Robin Williams’ death is a wake-up call to recognize suicidal tendencies in others
By Patti Carmalt-Vener 08/21/2014
I was so devastated when I heard the news that Robin Williams had committed suicide. I’ve been a fan ever since he played Mork on “Mork and Mindy” and I probably have every single one of his movies. I knew that he had lots of substance abuse problems and was in and out of rehab, but what can cause someone to want to purposely end this magnificent gift of life they have been given? At 63, he still had so much ahead of him. What upsets me even more is to hear on the radio and read in the newspapers all these people saying, “Yeah, he seemed really depressed lately and I was worried something like this might happen.” If they suspected it even a tiny bit, why didn’t they do or say something to prevent it?!
For me, it brought back memories of high school and one of my classmates committing suicide by slashing her wrists. She had talked about it and written poems about wanting to end her life, but everybody thought she was joking or just wanting attention. She was beautiful and popular and funny and to this day I still don’t understand what pushes people to kill themselves. Can you shed some light?
It’s a tragedy at any age when someone decides they can’t cope anymore and believes that the only solution to ending their deep emotional pain is suicide. You’re not alone in your frustration over seeking answers to unanswerable questions. Every suicide — or attempted suicide — is complicated with layers of unique issues. Whether the deceased is a celebrity or an ordinary person, it doesn’t diminish the sorrow, guilt and confusion felt by those left behind.
When one of my patients talks to me about suicidal feelings, it’s something I take very seriously. While I’m always sensitive to the possibility that he or she could indeed carry out plans for an attempted suicide, I don’t believe they actually want to take this destructive step. Rather, they only want to end a life that no longer works for them and, in their view, holds little promise of ever getting better. Being pushed to a breaking point with unbearable dark emotions can make someone feel that suicide is the only way to stop the agony and torment. Sometimes there has to be a death for a rebirth to occur, but this doesn’t have to be a literal death. It’s the job of the therapist and patient to work together to explore what has to change in order for the suicidal thoughts to cease and the new life to occur. Suicidal ideation (thoughts and fantasies about suicide) is a wake-up call for change.
If a patient describes a particularly violent means of committing suicide, like your school friend slashing her wrists, it’s termed “self-murder” and reflects a repressed homicidal rage that has built up within and has become maladaptive against the self. It’s the goal of therapy to help the patient experience this inner rage without becoming self-destructive. Since no baby is born wanting to harm himself, this acting out comes from trauma and/or abuse. If, for example, someone fantasizes about shooting himself in the head, I can help him acknowledge who it is he really wants to shoot. I may have to worry about his grandmother or uncle but I probably won’t have to worry about him killing himself.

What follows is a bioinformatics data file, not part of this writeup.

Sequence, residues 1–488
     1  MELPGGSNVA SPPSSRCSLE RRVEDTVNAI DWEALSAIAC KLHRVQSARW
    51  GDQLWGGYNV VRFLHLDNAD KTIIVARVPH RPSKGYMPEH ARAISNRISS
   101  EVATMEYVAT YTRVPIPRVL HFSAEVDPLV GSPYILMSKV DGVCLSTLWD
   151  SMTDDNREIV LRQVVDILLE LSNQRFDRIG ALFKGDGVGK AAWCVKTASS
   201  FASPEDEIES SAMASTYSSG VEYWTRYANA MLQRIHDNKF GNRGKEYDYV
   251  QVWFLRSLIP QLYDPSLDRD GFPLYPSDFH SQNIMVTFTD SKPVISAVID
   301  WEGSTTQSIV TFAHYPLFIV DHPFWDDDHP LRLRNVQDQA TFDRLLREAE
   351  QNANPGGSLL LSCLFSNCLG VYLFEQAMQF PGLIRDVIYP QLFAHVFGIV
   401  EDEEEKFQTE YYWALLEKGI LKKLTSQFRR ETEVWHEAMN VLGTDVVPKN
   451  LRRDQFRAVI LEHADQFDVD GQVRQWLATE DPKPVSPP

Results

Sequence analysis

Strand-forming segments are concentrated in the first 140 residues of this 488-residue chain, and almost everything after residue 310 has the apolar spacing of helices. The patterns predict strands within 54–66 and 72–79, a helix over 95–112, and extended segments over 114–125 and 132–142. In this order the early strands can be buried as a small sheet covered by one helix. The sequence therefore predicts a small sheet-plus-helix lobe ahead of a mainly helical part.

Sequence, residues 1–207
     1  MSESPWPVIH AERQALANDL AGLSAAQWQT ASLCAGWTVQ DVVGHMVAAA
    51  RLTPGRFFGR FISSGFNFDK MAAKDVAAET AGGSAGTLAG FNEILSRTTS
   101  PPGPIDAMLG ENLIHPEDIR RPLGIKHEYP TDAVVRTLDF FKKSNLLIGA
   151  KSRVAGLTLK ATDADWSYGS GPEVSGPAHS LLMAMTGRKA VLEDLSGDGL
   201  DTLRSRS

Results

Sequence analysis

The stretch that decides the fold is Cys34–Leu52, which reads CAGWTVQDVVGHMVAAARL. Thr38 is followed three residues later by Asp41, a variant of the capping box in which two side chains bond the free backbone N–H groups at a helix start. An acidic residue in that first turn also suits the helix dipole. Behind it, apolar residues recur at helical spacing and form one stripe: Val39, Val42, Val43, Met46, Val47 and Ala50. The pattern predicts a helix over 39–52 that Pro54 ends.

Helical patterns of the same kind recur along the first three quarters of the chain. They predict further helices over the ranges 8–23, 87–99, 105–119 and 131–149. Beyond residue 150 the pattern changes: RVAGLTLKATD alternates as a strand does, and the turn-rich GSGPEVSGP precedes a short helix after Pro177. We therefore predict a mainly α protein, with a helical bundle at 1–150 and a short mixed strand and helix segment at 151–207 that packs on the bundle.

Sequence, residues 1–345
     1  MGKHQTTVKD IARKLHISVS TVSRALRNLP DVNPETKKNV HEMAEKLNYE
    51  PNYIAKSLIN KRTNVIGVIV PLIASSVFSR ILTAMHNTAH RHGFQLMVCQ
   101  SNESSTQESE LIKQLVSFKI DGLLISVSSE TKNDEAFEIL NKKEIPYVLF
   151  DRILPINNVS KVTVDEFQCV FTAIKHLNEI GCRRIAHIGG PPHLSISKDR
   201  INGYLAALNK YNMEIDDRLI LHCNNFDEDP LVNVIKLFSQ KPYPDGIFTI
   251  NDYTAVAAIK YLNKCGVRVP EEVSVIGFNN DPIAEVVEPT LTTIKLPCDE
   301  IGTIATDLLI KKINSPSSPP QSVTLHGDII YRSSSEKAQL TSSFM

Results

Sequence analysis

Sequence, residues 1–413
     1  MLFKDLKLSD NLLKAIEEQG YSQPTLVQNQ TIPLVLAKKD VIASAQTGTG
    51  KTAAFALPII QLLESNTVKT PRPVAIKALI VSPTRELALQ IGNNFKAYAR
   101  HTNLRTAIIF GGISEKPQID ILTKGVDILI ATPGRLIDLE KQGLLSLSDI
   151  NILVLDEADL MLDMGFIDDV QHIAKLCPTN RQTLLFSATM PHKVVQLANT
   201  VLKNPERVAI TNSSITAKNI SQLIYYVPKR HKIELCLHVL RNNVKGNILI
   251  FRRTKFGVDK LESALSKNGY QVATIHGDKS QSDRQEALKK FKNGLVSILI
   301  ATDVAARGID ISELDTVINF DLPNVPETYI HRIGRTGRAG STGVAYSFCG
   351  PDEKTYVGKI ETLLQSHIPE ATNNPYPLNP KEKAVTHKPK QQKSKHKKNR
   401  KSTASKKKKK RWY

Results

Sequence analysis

A lot remains to be learned about the science of suicide and the influences of such factors as social and moral forces, genetics, substance abuse, depression, schizophrenia and other personality disorders. According to the World Health Organization, an estimated 1 million people worldwide die from suicide annually. Of these, only 10 percent are completely free of mental illness.
Dr. Edwin Shneidman, a noted expert on the subject of suicide until his death in 2009, stated that the main cause of suicide is psychological pain. In an interview he did with the Los Angeles Times, Dr. Shneidman was quoted as saying, “I still believe it’s critical to look at personal stories, emotional circumstances, and private histories in the study of suicide, not just the biology and pharmacology of suicide and depression.” He further added, “I believe that suffering is at the heart of every suicide. If I were to do it all over again, I would probably study love.”
For anyone who is struggling with suicidal thoughts and needs immediate help, I urge them to contact the National Suicide Prevention Lifeline at (800) 273-TALK (8255) or visit suicidepreventionlifeline.org.
Let us express empathy, compassion, love and condolences to Robin Williams and his family in honor of all the love and laughter he gave to us.
Patti Carmalt-Vener, a faculty member with the Southern California Society for Intensive Short Term Psychotherapy, has been a psychotherapist in private practice for 23 years and has offices in Pasadena, Santa Monica and Canoga Park. Contact her at (626) 584-8582 or email firstname.lastname@example.org. Visit her website, patticarmalt-vener.com.